01/18/2013 05:32 EST | Updated 03/20/2013 05:12 EDT

How Lance Armstrong's Signature Should Have Tipped Us Off


The Lance Armstrong debacle continues to unfold and now the fallen hero clunks into the dénouement. Watching confessions of ongoing steroid use throughout an illustrious career in professional sports is somehow riveting. Is it because we are keen to witness the emergence of a long-denied truth? Maybe we are bearing witness to how character serves to enhance or degrade the human project. Or is it just the magnitude of Armstrong's fall from grace? Whatever it is, the lessons speak to us all. We watched, perhaps pondering, "what do I learn here about human nature?"

As a therapist who looks at the handwriting of psychotherapy clients in a quest to understand something of the mysterious realm of self and soul, I turned to handwriting in order to better understand Lance Armstrong and his current situation.


Enlarged version of Lance Armstrong's signature

The signature above was penned in 2001. For those who analyze handwriting, prominent capitals betray information about the priority a writer gives to first impressions. After all, that capital is the first blush of the word, and if it is carefully rendered or prominently placed, we see a writer who is mindful of how things look and goes the extra mile to make the right first impression. Any given capital would rightly be about double the height of a middle zone letter (like m or o). Or it could be even a bit bigger.

But what if that cap soars into the stratosphere, achieving a height that has it three or four times that of a middle zone letter? Now the graphologist assumes an inflated pride which motors an elevated need for praise and admiration. Using Armstrong's own words, we find here the trait of arrogance. And when arrogance is a dominant trait, another part of the self is necessarily pushed into hiding. Whenever personal limitations or imperfections emerge, what necessarily follows for such a character is the desperate need to hide. And maybe even the need to cheat.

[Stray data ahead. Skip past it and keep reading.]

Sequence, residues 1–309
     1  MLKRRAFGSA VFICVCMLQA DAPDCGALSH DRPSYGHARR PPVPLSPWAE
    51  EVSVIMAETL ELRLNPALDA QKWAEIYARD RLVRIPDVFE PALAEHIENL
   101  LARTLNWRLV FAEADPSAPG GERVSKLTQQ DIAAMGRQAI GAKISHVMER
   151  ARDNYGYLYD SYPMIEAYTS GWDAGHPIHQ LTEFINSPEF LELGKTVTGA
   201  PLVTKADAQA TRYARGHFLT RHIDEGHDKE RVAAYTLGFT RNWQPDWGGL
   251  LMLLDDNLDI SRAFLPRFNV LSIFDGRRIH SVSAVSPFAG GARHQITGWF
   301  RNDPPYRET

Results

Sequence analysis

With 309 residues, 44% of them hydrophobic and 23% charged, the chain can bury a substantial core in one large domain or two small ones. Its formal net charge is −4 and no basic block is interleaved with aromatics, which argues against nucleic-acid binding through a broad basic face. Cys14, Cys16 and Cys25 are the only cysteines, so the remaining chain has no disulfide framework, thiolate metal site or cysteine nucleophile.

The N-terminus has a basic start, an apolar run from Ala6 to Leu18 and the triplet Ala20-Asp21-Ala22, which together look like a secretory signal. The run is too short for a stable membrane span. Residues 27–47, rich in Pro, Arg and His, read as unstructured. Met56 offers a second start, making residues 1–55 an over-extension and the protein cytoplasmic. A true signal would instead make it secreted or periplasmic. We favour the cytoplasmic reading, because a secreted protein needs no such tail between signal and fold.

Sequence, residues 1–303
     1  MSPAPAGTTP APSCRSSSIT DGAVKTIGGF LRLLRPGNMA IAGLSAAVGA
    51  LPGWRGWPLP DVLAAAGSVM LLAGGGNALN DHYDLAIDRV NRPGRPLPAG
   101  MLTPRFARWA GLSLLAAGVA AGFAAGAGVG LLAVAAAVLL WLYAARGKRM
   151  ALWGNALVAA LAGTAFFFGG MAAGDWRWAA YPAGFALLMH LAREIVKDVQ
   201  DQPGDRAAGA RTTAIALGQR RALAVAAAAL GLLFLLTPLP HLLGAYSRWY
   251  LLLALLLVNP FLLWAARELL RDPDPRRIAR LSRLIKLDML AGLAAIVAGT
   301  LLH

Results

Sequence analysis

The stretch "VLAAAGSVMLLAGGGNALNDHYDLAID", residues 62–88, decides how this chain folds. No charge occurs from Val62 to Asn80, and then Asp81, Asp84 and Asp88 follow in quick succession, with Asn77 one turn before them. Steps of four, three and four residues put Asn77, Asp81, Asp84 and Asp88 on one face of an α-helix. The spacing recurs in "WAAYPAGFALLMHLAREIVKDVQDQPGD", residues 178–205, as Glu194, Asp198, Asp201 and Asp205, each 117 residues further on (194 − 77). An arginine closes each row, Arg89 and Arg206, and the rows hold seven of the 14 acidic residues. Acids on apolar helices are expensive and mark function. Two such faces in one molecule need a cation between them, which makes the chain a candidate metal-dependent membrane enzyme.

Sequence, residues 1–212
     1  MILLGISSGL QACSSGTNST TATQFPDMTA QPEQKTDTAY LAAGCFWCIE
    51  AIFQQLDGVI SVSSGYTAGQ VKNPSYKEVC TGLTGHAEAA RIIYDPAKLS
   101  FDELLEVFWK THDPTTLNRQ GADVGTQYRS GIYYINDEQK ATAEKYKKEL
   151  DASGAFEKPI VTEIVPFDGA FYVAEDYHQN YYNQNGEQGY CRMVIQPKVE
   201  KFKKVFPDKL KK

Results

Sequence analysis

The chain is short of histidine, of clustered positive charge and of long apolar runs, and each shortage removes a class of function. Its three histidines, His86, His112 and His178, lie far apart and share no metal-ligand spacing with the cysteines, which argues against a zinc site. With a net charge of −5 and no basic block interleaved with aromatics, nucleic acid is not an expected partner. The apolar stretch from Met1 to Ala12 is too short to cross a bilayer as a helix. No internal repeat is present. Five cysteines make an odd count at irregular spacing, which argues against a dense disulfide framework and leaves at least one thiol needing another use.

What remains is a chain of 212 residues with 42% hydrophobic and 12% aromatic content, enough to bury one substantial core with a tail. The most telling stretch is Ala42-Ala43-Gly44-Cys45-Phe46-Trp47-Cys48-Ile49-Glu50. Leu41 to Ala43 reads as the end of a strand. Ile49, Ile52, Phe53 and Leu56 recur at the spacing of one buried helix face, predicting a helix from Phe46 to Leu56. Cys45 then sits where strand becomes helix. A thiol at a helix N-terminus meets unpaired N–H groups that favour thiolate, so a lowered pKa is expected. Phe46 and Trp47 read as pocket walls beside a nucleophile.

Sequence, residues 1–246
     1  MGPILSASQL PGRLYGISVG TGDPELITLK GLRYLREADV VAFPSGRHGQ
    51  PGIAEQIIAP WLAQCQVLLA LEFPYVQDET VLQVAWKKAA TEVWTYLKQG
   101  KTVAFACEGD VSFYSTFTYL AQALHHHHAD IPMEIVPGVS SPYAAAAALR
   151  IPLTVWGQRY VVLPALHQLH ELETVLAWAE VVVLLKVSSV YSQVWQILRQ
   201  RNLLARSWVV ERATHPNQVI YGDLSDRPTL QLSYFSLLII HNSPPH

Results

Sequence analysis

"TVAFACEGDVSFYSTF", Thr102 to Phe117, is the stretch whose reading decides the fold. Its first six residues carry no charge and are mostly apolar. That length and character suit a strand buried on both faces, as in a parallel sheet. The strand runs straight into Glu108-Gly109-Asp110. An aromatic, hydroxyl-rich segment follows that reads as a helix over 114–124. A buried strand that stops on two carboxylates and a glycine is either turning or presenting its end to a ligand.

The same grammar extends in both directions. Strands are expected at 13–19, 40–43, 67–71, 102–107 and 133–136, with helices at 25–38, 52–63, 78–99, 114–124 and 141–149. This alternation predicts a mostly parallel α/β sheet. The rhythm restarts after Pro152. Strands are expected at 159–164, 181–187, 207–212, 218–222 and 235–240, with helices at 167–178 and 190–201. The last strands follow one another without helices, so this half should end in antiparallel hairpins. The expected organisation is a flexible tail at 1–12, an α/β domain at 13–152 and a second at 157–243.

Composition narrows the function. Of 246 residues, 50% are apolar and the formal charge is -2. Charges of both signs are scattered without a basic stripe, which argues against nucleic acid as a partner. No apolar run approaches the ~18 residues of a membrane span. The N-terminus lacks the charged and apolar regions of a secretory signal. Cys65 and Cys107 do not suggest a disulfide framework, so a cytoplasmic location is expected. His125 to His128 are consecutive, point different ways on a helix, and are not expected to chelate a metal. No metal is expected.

A more current signature by Lance Armstrong

It's worth checking out a second signature, one penned pretty recently. We still see those familiar swollen capital letters expressing, as before, a desire for greatness. We also note that the signature is now more illegible -- an identity that is more secretive, more veiled. We also find an interesting phenomenon: note that the first two letters in his last name have migrated. They are now safely tucked under the arch of the A. This protective encircling often indicates a writer who either harbours a secret or historically has been the bearer of one. The zone of internality is carefully hidden within. On that theme, check out Armstrong's pictures on Google images and note how frequently he is pictured with his hand over his mouth, or with a facial expression that is classicly "tight lipped."

Why the need for the careful protection of the internal dimension? When the hunger for greatness overpowers, addiction can overtake. Initially Armstrong hid only the fact that his physical strength was subject to normal human limits. With the burgeoning addiction, the secret changed; now he kept his misdeed carefully squirreled away. Suddenly there was even more to conceal and the lie, once spun, needed to be maintained.

What do we take away from all this? Probably the folly of over-identifying with a goal. Take a second look at that first signature. Cover the first name and only read the second. See it?


"Am strong."

If only he hadn't enshrined strength as the quintessential expression of self. Now, surrounded by the clamour of lawsuits and complaint, he can revisit that self-concept and work on the answer to the only question of significance (according to Aldous Huxley as cited in Bolton & Grover Bolton): "who am I, and what, if anything, can I do about it?"

This column is designed to introduce the clinical application of the psychology of handwriting, a European technique mostly unfamiliar in North America. Readers can bear in mind that graphology is appropriately used alongside other assessment methods, never used in isolation. This method is discussed fully in my book Clinical Graphology, recently published by Charles C Thomas Publishers.

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